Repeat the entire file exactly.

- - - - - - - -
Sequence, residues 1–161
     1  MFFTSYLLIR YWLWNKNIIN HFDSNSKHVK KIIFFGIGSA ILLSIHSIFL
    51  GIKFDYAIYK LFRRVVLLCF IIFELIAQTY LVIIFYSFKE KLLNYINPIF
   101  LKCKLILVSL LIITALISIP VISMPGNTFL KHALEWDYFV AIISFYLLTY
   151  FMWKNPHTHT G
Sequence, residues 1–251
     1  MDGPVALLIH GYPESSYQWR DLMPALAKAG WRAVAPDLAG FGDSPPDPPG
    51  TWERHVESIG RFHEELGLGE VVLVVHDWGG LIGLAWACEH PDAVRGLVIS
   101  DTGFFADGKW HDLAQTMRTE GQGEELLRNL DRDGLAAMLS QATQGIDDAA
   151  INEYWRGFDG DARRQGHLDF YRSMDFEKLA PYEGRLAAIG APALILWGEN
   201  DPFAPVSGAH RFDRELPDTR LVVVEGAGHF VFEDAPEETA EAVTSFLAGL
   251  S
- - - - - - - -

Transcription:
Sequence, residues 1–161
     1  MFFTSYLLIR YWLWNKNIIN HFDSNSKHVK KIIFFGIGSA ILLSIHSIFL
    51  GIKFDYAIYK LFRRVVLLCF IIFELIAQTY LVIIFYSFKE KLLNYINPIF
   101  LKCKLILVSL LIITALISIP VISMPGNTFL KHALEWDYFV AIISFYLLTY
   151  FMWKNPHTHT G
Sequence, residues 1–251
     1  MDGPVALLIH GYPESSYQWR DLMPALAKAG WRAVAPDLAG FGDSPPDPPG
    51  TWERHVESIG RFHEELGLGE VVLVVHDWGG LIGLAWACEH PDAVRGLVIS
   101  DTGFFADGKW HDLAQTMRTE GQGEELLRNL DRDGLAAMLS QATQGIDDAA
   151  INEYWRGFDG DARRQGHLDF YRSMDFEKLA PYEGRLAAIG APALILWGEN
   201  DPFAPVSGAH RFDRELPDTR LVVVEGAGHF VFEDAPEETA EAVTSFLAGL
   251  S